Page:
Data show Antarctic ice stream radiating seismically

Jun 04, 2008
Data show Antarctic ice stream radiating seismically
Douglas Wiens (left) and a colleague ready equipment to emplace seismographs in Antarctica during a 2001 expedition. Data gathered for this project, called TAMSEIS, provided evidence that an Antarctic ice stream radiates seismic waves twice daily that are equivalent to a magnitude seven earthquake. Image courtesy of Doug Wiens

A seismologist at Washington University in St. Louis and colleagues at Pennsylvania State University and Newcastle University in the United Kingdom have found seismic signals from a giant river of ice in Antarctica that makes California's earthquake problem seem trivial.

Douglas A. Wiens, Ph.D., Washington University professor of earth and planetary sciences in Arts & Sciences, and colleagues combined seismological and global positioning system (GPS) analyses to reveal two bursts of seismic waves from an ice stream in Antarctica every day, each one equivalent to a magnitude seven earthquake. The GPS analyses were performed by Pennsylvania State and Newcastle University researchers.

The ice stream is essentially a giant glacier 60 miles wide and one-half mile thick. The data show that the river of ice moves about 18 inches within ten minutes, remains still for 12 hours, then moves another eighteen inches. Each time it moves, it gives off seismic waves that are recorded at seismographs all around Antarctica, and even as far away as Australia.

Seismic waves from what are loosely called "glacial earthquakes," mainly near Greenland, were originally reported in 2003, and the numbers have been increasing in recent years. Some scientists think the waves come from the phenomenon of calving, where a big chunk of ice breaks off of a glacier and floats away in the ocean, a very violent activity that could generate strong seismic signals. The new results show that at least some of the glacial earthquakes are produced by sudden sliding of large ice sheets.

The Antarctic signals were first detected by seismographs deployed by Wiens and his colleagues in 2001-2003 at a location about 500 miles away from the ice stream.

"At first we didn't know where the waves were coming from, but eventually we were able to narrow down the source to the ice stream." Wiens said.

Slower than a real earthquake

Prior to this discovery, researchers were not aware that ice streams radiated seismic waves.

"By some measures, the seismic impact is equivalent to a very large earthquake, but it doesn't feel like it because the movement is much slower than a real earthquake," Wiens said. "The data look an awful lot like an earthquake, but the slip lasts for 10 minutes, while on the other hand an earthquake of this size would last for just ten seconds. I guess you could call it an earthquake at glacial speed. This is very strange behavior, and we need to understand more about it."

GPS instruments placed directly on the ice stream can detect where slipping motion begins and where it stops. Scientists describe the motion as "stick-slip", which is the classic motion of earthquakes, occurring when the area around a fault moves slowly but the fault is stuck, remaining stationary until the stress builds up and the fault finally slips.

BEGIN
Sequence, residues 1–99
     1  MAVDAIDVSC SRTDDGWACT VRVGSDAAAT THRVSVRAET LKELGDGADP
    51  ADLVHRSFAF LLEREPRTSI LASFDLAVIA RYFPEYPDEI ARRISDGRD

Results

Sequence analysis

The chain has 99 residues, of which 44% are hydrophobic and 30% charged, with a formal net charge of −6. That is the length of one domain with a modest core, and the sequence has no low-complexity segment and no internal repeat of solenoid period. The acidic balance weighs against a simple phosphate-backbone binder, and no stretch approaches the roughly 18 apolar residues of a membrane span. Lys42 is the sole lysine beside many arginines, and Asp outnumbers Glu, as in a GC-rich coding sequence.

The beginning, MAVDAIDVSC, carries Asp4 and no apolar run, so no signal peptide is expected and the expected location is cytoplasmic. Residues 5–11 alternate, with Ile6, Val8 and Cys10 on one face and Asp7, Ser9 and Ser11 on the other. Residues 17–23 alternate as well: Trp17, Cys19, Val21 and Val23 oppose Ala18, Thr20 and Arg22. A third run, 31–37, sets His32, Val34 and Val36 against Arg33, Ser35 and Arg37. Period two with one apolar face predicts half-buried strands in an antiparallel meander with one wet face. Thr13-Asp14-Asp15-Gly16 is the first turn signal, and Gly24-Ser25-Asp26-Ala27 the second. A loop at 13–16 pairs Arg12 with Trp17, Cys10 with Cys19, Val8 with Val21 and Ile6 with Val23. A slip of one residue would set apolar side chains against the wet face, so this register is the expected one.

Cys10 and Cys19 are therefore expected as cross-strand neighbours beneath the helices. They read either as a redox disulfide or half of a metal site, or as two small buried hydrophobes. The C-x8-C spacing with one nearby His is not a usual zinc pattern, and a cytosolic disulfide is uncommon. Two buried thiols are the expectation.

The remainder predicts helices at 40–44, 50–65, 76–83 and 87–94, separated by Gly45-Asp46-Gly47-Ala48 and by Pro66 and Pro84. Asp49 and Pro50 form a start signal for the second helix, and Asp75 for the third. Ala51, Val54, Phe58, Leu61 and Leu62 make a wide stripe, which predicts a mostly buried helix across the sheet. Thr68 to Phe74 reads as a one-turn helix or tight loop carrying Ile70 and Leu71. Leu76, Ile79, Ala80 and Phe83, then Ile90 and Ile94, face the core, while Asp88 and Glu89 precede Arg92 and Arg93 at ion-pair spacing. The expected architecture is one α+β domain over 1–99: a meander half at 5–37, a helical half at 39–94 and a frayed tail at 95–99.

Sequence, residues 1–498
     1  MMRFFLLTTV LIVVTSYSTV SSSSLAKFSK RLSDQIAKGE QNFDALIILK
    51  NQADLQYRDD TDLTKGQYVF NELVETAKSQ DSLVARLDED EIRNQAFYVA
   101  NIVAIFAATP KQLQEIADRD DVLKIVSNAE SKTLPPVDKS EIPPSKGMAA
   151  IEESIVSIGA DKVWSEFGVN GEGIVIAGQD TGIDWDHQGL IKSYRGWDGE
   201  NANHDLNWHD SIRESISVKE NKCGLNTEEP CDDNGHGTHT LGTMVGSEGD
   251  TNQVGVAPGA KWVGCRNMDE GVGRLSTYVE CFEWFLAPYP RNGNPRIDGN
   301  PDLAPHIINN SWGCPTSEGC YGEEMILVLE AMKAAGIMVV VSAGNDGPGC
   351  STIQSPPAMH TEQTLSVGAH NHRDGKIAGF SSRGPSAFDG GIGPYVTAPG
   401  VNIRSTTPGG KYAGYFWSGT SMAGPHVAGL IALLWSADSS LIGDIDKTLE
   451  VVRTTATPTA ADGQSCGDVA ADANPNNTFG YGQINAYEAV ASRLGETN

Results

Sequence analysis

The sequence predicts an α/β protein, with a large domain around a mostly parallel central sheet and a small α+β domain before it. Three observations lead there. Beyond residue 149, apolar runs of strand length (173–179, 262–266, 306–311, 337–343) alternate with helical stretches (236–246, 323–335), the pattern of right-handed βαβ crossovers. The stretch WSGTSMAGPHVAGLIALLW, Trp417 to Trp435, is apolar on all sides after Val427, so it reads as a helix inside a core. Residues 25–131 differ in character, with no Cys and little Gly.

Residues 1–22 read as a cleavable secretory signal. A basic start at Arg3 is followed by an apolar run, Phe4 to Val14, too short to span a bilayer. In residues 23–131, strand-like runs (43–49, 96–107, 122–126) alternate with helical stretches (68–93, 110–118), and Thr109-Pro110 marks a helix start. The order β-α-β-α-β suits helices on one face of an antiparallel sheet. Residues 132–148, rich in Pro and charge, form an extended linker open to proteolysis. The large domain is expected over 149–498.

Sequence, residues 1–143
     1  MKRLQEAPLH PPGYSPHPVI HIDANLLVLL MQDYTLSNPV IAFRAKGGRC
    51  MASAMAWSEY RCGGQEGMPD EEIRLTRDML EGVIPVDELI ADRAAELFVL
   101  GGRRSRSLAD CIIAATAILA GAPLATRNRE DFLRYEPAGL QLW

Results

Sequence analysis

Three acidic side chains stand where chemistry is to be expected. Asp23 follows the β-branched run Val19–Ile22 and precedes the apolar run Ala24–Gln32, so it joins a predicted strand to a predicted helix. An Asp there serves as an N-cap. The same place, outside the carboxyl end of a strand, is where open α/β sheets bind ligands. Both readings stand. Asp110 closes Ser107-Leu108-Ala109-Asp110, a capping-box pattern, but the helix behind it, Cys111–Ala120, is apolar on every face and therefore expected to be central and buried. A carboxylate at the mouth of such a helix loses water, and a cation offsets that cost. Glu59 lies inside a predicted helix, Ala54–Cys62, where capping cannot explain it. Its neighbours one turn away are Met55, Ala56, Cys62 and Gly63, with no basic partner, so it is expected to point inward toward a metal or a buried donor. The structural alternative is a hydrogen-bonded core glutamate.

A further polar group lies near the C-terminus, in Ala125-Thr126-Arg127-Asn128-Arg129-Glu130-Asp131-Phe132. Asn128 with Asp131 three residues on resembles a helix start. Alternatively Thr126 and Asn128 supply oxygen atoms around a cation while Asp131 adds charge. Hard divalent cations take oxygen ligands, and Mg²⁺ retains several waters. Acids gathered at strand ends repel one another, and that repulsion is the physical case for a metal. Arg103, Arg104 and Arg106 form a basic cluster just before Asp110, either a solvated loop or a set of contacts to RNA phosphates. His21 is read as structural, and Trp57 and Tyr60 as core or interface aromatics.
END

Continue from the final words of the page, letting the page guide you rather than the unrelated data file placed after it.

"The GPS shows us directly how the ice stream moves," Wiens said. "The slip starts in a certain part of the ice stream and then it moves out, rather like a landslide might start at a certain point and then move out to envelope an entire mountainside. The GPS tells us which part moved first and what other parts moved next and so forth."

The data show that the slip always starts from the same spot on the bed of the ice stream, what glaciologists call a "sticky" spot, which has more friction than the surrounding part of the bed.

A slip, not a creep

"Glaciologists had thought that they understood how glaciers move, and they thought they move slowly and continuously by creep, but now this indicates that they move with a fast slip, almost like an earthquake," Wiens said.

The study was published in the June 5 issue of Nature on-line and was funded by the National Science Foundation.

Wiens said that it is important to understand the physics behind what is controlling this kind of slip.

"This stick-slip phenomenon may provide a clue about what makes these ice streams move faster or slower," Wiens said. "This particular ice stream has been slowing down over the last few decades, and no one knows why. "

Wiens plans to study seismic records of stick-slip events going back several decades to see if there are changes, and also to search for similar signals from other ice streams.

"We need to understand what controls the speed of the ice streams, because that will affect how fast the ice in Antarctica will go away and sea level will rise as global warming melts the West Antarctic Ice Sheet."

Source: Washington University in St. Louis

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